Computers won’t find words that are misspelled, so for example, if you’re applying to jobs in the U.K., or a country that utilizes that vernacular, change words like ‘humor’ to ‘humour.’” If you’re fluent, you need to translate your resume to the language of the country where you’re applying.
Flex your language skills
Even if you’re not applying for a position that will require you to be fluent, there will be situations in which knowing the local language will come in handy – both professionally and personally.
Employers know this, so if you list on your resume (or mention in your interview) the ways in which you are proactively learning the language, it will help you to stand out. It will also show your dedication and commitment to the experience, which will help employers know to take you seriously.
This can mean anything from downloading a language app on your phone, to taking a class at a local college, or joining a group of people locally who want to practice the same language – you’ll have more luck with languages like French or Italian than ones like Turkish, for instance, where you may have to find a private tutor or paid class.
Remember that this is business
You’re not planning a vacation. Enthusiasm is almost always a plus when it comes to the job search. But if you're looking for a gig abroad, you've got to make sure you articulate that gusto in an appropriate way.
Remember that when you’re in an interview, the location should be a nice perk, but not the main reason you want to join the team. Focus on the same answers you would give if you were applying for a job in the United States – real ways that you can contribute to the team, and maybe try to spin your international perspective as a positive.
Even though many other countries don’t spend as much time in the office as we do – Americans spend around 47 hours a week working, whereas that number tops off around 35 for most – people still want their team members to be as excited and focused on the job as they are. No one wants to work with someone who just sees the job as the means to an end.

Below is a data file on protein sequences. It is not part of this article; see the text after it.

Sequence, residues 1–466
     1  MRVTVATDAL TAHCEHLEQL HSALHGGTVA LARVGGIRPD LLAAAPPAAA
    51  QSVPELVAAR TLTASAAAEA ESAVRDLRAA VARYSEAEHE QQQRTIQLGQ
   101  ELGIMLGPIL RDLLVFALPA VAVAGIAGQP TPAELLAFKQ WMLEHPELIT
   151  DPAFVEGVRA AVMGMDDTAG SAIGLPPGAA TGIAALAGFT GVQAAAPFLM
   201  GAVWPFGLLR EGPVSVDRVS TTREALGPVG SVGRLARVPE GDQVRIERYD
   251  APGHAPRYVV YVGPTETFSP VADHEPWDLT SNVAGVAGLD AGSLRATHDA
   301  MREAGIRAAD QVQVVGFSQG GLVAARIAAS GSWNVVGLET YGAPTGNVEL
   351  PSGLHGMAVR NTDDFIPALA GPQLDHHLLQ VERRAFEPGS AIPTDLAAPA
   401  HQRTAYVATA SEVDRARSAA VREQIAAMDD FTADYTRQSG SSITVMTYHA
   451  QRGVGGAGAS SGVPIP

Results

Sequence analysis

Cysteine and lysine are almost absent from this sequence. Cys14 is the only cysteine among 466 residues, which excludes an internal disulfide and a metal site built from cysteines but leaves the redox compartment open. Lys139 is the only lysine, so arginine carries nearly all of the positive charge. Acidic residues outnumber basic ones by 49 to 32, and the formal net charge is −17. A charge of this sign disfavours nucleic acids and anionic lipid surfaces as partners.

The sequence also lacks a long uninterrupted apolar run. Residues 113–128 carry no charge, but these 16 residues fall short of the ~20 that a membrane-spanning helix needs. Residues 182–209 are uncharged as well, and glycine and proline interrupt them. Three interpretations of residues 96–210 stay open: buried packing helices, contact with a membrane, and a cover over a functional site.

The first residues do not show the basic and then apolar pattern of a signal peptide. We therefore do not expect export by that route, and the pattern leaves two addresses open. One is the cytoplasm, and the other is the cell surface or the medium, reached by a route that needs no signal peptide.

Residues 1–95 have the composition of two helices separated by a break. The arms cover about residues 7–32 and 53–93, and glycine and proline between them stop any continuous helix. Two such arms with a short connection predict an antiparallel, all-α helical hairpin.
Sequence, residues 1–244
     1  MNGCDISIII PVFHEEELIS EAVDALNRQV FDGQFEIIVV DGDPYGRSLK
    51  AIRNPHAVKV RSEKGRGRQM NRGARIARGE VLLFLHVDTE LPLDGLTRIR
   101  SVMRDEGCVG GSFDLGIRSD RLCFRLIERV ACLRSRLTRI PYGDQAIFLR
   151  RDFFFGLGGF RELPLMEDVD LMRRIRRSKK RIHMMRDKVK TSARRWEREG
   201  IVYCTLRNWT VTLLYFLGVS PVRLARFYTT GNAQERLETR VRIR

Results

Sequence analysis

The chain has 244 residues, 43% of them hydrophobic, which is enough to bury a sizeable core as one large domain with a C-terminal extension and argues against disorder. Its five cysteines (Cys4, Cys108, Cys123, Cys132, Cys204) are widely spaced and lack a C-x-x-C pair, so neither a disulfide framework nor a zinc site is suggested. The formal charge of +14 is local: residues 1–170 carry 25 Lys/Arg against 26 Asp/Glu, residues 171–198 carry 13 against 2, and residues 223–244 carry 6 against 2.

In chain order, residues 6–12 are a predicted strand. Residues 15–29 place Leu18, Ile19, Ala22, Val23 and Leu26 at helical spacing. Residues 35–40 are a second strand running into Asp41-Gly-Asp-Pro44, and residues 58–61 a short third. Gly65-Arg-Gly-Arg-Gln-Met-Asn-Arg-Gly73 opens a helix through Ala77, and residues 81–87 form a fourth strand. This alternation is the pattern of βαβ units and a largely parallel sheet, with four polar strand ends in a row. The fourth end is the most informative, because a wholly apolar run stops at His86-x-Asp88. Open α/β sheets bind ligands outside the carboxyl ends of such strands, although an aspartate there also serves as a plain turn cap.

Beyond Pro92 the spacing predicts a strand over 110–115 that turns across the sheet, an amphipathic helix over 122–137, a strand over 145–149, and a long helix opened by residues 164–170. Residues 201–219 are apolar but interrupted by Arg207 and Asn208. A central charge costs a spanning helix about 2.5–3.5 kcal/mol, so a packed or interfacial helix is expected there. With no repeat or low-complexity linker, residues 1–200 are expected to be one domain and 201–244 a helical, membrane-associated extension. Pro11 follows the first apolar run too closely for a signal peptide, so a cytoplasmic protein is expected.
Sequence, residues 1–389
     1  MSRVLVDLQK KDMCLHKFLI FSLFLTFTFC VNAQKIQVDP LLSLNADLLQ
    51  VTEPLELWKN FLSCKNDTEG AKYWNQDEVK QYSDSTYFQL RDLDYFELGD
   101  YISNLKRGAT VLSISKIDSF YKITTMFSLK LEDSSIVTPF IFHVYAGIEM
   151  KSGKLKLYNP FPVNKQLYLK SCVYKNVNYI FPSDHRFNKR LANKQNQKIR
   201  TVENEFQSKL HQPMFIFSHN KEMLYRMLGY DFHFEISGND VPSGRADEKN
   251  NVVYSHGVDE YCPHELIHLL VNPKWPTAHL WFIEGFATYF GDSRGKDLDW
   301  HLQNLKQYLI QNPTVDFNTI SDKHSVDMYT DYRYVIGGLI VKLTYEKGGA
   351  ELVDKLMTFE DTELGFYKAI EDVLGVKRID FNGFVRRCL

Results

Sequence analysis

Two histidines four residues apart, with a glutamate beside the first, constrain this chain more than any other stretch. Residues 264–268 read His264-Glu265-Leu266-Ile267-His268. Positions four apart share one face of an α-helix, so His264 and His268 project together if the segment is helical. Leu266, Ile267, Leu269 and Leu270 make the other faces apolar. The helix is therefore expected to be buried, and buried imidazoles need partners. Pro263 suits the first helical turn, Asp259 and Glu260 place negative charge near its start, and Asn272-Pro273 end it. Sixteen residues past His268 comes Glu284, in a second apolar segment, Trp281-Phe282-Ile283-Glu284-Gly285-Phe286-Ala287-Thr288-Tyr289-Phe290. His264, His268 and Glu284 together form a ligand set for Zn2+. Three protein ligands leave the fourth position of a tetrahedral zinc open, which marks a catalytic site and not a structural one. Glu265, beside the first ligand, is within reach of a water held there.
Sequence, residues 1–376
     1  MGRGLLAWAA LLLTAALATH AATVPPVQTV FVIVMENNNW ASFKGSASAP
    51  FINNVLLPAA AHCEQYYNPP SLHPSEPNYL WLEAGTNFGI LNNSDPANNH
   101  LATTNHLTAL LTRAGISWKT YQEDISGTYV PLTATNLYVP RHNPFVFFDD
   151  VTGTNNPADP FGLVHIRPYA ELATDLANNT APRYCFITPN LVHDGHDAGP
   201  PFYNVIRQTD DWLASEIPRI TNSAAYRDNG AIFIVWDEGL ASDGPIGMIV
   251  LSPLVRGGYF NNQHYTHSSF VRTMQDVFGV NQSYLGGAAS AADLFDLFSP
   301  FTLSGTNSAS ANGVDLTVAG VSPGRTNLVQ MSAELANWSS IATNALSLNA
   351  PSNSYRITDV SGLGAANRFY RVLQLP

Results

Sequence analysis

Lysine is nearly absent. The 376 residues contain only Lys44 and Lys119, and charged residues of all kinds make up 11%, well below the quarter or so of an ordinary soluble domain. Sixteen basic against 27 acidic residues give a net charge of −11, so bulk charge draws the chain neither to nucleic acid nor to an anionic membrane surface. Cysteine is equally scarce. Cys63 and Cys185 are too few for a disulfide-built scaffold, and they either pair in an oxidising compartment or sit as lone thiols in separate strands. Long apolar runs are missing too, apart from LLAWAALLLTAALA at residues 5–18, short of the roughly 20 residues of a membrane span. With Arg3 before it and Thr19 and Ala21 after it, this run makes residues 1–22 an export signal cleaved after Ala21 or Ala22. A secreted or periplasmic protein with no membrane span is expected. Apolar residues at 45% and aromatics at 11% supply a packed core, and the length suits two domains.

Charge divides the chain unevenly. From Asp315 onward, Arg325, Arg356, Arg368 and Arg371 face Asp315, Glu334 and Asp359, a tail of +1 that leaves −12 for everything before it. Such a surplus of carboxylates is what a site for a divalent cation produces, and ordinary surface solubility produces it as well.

Perfect your Skype skills
Since you probably won’t be jetting around the globe for interviews, you’re going to need to learn how to nail a Skype interview. Be sure to test your camera, use a neutral background and look just as polished as you would in person.
Ensure there will be no disruptions, and your internet will be working as flawlessly as possible. Also, because of time differences, be flexible to when the interview is conducted, as it will likely be outside of typical work hours for your time zone.
If you’re fluent in a particular language, be prepared to prove it. Not only might they speak with you in that language during the interview – so brush up on industry terms in that language beforehand – but they may have you take a language test.
Be prepared to revise old working habits
Living in another country, you’ll prepare yourself for how certain things will be different, like the food and conveniences that are available to you. However, you might find yourself less prepared for some of the unspoken office rituals and ways of doing things.
For example, many European offices do not consider working long hours to be the admirable trait that many American offices do – in fact, they see it as an inefficient waste of time. If you’re working 45 hours a week, you might be perceived as doing something wrong.
Similarly, a 2015 survey found that only one in five Americans actually spends their lunch break away from their desks, with most eating their midday meal while they continue to work. Adding to that statistic, millions of Americans find themselves skipping lunch altogether to continue working.
Meanwhile, in countries like France, Spain and Greece, among many others, lunch breaks can last an hour or more — and almost never take place somewhere you’ll be in danger of getting food between your computer keys.
You’ll also find that workers are encouraged to, and casually take their promised breaks during the day, unlike Americans. In Sweden, for example, many office workers take a daily extended coffee break called a fika. Typically, employees gather and socialize for their daily fika twice a day – once in the morning and again in the afternoon.
One of the worst American work practice faux pas, in the eyes of foreigners, is the tendency to send and answer emails after work hours have ended.
Other cultures have a more defined line between work and personal life, and don’t mix the two easily. In fact, France recently made that distinction official, with a 2018 measure that allowed employees to ignore work-related emails sent after working hours without any fear of consequence.